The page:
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Traffic signal preemption technology coming to St. Lucie County, hopes to improve response times for crews

Full rollout expected to be implemented by end of 2023
St. Lucie County Fire District
Posted at 12:29 PM, Jun 05, 2023
and last updated 2023-06-06 09:25:32-04

ST. LUCIE COUNTY, Fla. — St. Lucie County residents are probably aware of a big increase in traffic.

According to U.S. Census data, the county's grown by 30,000 people in the past two years, and first responders said it's been making it difficult for them to respond to emergencies.

In response, they're installing what's called traffic light preemption technology at all 60 intersections in the county.

WPTV first reported on this when Martin County installed the technology a few months ago, and when St. Lucie County commissioners announced their change about a month ago.

The technology allows first responders to switch on their lights and sirens and turn signal if they're turning, prompting a sensor in the traffic light to immediately pick up a signal, turning the light green in the direction that crews are heading and red for all other drivers.

Crews said this will make intersections safer, saving the county hundreds of thousands of dollars in accident damage and potentially cutting response times in half.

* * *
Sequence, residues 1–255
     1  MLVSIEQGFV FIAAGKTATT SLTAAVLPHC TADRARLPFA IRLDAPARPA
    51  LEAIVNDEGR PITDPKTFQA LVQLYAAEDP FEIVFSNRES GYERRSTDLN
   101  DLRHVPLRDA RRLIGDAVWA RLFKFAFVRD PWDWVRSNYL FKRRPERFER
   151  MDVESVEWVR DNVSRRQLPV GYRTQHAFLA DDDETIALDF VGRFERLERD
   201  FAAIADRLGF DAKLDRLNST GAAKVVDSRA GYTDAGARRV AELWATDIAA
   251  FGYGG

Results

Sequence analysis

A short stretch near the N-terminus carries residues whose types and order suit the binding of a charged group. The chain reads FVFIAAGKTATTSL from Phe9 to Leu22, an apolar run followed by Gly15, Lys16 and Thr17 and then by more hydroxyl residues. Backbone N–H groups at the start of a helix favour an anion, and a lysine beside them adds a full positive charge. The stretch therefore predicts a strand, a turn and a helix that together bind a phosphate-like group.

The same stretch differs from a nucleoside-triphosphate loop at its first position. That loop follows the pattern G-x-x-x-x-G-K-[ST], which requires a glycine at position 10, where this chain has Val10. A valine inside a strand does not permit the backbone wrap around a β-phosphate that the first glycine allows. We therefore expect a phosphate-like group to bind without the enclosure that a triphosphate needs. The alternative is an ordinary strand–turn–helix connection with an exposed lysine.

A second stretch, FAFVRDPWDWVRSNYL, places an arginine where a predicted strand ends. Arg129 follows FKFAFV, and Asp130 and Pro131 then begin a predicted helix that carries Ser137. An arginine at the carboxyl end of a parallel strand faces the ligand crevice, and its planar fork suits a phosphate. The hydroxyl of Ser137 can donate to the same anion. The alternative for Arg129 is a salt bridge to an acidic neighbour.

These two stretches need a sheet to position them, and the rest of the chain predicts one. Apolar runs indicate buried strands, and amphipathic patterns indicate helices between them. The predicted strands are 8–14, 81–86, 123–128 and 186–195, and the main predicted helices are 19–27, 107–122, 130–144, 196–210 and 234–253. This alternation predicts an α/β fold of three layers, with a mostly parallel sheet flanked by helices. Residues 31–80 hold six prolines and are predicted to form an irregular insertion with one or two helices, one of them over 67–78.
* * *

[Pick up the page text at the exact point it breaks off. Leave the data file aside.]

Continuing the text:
St. Lucie County Fire Marshal Capt. Wayne Boyer explains how the technology will help first responders.
St. Lucie County Fire Marshal Capt. Wayne Boyer explains how the technology will help first responders.

"Just getting through these intersections, on average, at each intersection is 10 to 12 seconds, you're trimming response times off," St. Lucie County Fire Marshal Capt. Wayne Boyer. "We typically go through, on average, six to seven intersections per response. If you calculate that out, we're talking a minute. Time is flesh when we're talking about cardiac or stroke alerts, and we need to get there in a timely but safe manner."

Crews also recommend the public download the TravelSafely app, which works directly with this technology and sends an alert if a first responder is approaching with their lights on.

Boyer said the technology is paid for using impact improvement funding.

So far the technology is already installed in all 84 of the county's emergency vehicles. They expect to have it completely installed in all intersections, including in Port St. Lucie and Fort Pierce, by the end of the year.